Lemov’s study of master teachers shows that tight transitions of 30 seconds or fewer between activities are essential to keeping students on task. Great teachers manage these transitions seamlessly and almost obsessively. If you write all the day’s pieces on the board and have students put these in order, you can move quickly. It takes training, but it is worth it. One minute of transition eliminated ten times in a day adds up to roughly 35 hours of instruction time in a school year.
    Ms. Ramsey said, “Tight transitions cut down on wasted class time. We practice how transitions should look and sound. This includes what happens at the beginning of rehearsal and what occurs when we switch gears from a warm up to concert literature. We practice these transitions until we can do them correctly. A few minutes spent on this early in the year will eliminate wasted class time down the road.”
    Craig Ouellette, a second year teacher and director of bands at Camden/Rockport Middle School in Camden, Maine says, “Tightening transitions has been extremely helpful for me. In rehearsals, I used to only give a starting measure with no specific ending point, so there would always be several valuable seconds wasted by students continuing to play after I had given a cutoff. Additionally, I lost time addressing how long it took for the ensemble to stop after I had given a cutoff. This took unnecessary amounts of valuable instruction time away from students and set a negative tone for rehearsal.”
    One trick to tightening transitions is giving students both a starting point and an ending point. “At first we struggled as an ensemble to get everyone to end at the right place, but with practice students understood that ending at the right place was just as important as starting at the right place. This method alone has saved us countless amounts of class time and also makes it easier to keep rehearsals upbeat.”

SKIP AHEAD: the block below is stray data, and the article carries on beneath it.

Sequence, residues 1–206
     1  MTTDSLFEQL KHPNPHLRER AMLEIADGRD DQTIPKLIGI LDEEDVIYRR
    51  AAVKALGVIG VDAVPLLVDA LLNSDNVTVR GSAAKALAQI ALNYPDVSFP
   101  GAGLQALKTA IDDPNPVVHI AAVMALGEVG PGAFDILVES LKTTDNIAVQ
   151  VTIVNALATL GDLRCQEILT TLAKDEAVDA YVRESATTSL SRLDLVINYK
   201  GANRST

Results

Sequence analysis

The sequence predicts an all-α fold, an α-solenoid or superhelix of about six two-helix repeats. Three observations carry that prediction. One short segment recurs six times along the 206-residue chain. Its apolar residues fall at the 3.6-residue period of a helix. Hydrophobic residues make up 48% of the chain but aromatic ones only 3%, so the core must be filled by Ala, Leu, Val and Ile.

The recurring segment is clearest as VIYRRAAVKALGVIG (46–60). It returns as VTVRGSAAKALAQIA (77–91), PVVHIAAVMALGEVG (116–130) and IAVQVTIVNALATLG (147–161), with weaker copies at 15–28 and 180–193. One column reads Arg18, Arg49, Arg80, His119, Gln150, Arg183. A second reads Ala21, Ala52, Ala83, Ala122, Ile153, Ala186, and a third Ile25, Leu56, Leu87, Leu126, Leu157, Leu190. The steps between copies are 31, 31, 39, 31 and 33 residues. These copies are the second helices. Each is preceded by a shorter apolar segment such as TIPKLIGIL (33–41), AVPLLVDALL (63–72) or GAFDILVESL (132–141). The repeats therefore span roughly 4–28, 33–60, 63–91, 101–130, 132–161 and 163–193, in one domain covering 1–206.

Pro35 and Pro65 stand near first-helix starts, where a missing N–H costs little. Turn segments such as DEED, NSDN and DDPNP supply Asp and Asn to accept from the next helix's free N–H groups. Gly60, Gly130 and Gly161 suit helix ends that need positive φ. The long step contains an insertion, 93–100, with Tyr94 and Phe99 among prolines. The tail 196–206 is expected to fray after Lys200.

Key to both pacing and discipline is speech. In setting and maintaining behavioral expectations, Lemov presents numerous gems that work beautifully, such as “fewer words are stronger than more,” “your words must be far and away the strongest in the room,” “controlling who has the floor is the mark of your authority and a necessity to your teaching,” and “get slower and quieter when you want control.”

    “Great teachers,” Lemov states, “engage students so that they feel like part of the lesson.” Cold calls make engaged participation the expectation. Teachers who use this technique call on students regardless of whether they have raised their hands. This is a technique used by Caitlin Ramsey. “Cold calls make every student an engaged participant. Since it has become a regular part of class, students know ahead of time that they should be ready to answer questions. Everyone is on the spot, but no one is caught off guard.”
    The techniques I learned from this book are simple but work extremely well. In areas in which our technique needs work, practical solutions that immediately improve student engagement and classroom management are there for the taking. The last part of the school year, with warmer weather, lagging energy from at least some of the participants, and summer vacation on the horizon, can be a real challenge; however, we ended the year appreciative for vacation but not burnt out. Had the school year been a week or so longer, nobody in the bands would have been distressed.